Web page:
NEW YORK (GenomeWeb) – Scientists have shown an improved ability to edit genomes in human hematopoietic stem and progenitor cells (HSPCs) using zinc finger nucleases by introducing the enzymes into the cell as mRNA.
Scientists led by Paula Cannon of the University of Southern California and Michael Holmes of Richmond, California-based Sangamo Biosciences were able to introduce a reporter gene into HSPCs — including the most primitive kinds such as CD34+ cells, which had long been a challenge to achieve genome editing in — by electroporating mRNA and supplying the donor template for homology directed repair via adeno-associated virus (AAV).
They successfully inserted a green fluorescent protein cassette at the CCR5 gene locus at an average rate of 17 percent in CD34+ and 19 percent in fetal liver HSPCs; they successfully inserted the GFP gene at the AAVS1 locus at an average rate of 26 percent and 43 percent in the respective cell types.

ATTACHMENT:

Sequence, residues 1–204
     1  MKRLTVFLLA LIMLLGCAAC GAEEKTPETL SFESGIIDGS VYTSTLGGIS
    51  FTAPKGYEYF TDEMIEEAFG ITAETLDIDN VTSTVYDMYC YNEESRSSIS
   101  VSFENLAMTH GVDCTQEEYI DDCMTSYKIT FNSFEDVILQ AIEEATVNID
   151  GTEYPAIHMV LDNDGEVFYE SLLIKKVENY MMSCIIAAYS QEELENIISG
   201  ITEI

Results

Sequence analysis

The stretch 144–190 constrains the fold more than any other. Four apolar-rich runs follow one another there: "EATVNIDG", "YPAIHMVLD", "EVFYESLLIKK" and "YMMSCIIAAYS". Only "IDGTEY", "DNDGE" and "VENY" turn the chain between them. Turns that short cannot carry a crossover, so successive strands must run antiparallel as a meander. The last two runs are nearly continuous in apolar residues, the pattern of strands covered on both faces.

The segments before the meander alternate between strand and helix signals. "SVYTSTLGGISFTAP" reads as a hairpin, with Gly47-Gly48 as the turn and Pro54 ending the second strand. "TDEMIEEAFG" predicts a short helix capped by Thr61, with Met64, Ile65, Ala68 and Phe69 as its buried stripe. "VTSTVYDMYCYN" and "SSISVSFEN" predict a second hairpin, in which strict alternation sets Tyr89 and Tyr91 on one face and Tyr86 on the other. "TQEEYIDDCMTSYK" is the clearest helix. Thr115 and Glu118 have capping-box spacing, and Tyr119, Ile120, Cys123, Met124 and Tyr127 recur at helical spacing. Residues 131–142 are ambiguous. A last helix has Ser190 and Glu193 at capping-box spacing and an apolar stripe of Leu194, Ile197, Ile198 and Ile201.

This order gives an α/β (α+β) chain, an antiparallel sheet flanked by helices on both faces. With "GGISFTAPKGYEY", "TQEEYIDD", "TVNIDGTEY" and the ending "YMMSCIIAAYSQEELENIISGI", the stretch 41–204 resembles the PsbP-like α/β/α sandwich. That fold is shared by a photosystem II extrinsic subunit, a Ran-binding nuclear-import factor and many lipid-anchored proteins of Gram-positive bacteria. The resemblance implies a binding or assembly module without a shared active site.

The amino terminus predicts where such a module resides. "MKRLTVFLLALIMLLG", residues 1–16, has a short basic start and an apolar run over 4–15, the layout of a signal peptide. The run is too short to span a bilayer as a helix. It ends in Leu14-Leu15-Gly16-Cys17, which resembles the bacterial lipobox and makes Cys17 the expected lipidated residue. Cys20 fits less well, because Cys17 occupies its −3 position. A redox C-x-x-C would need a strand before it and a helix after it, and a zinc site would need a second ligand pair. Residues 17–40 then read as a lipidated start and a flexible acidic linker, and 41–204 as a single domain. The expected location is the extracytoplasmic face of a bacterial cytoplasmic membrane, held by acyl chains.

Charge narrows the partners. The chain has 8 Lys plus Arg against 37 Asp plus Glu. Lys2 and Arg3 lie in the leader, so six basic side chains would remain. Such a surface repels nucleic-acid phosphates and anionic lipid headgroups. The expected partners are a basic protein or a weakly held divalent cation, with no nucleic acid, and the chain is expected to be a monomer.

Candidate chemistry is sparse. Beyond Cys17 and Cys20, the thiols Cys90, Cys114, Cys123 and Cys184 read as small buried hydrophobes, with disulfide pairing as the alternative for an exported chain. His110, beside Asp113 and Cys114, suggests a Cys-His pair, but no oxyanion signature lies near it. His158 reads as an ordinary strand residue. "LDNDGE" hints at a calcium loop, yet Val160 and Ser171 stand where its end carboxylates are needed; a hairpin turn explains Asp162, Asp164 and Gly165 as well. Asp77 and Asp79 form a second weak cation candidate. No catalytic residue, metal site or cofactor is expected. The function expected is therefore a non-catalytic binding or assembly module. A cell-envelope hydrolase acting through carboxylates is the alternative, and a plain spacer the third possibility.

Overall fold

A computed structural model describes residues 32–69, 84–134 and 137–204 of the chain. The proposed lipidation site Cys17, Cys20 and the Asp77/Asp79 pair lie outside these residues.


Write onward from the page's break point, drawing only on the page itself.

They published the results of their study yesterday in Nature Biotechnology.
"We successfully modified a class of the most pluripotent stem cells, leading to long-term production of ZFN-modified cells across all blood cell lineages following transplantation into immune-deficient mice," Holmes said in a statement. "Our results in these two studies provide a robust strategy for additional therapeutic applications of ZFN-mediated genome editing in HSPCs and T-cells."
CCR5 is an important immune receptor used by HIV to enter human cells.
The authors noted that cytotoxicity was a problem for genome editing in HPSCs and that delivering the ZFNs as mRNAs was not as toxic as delivering them via plasmid DNA, meshing with previous results from other genome editing studies. In June, scientists from Stanford University and Agilent Technologies found that delivering the CRISPR/Cas9 genome editing system as RNA, instead of DNA, greatly increased its effectiveness in HPSCs.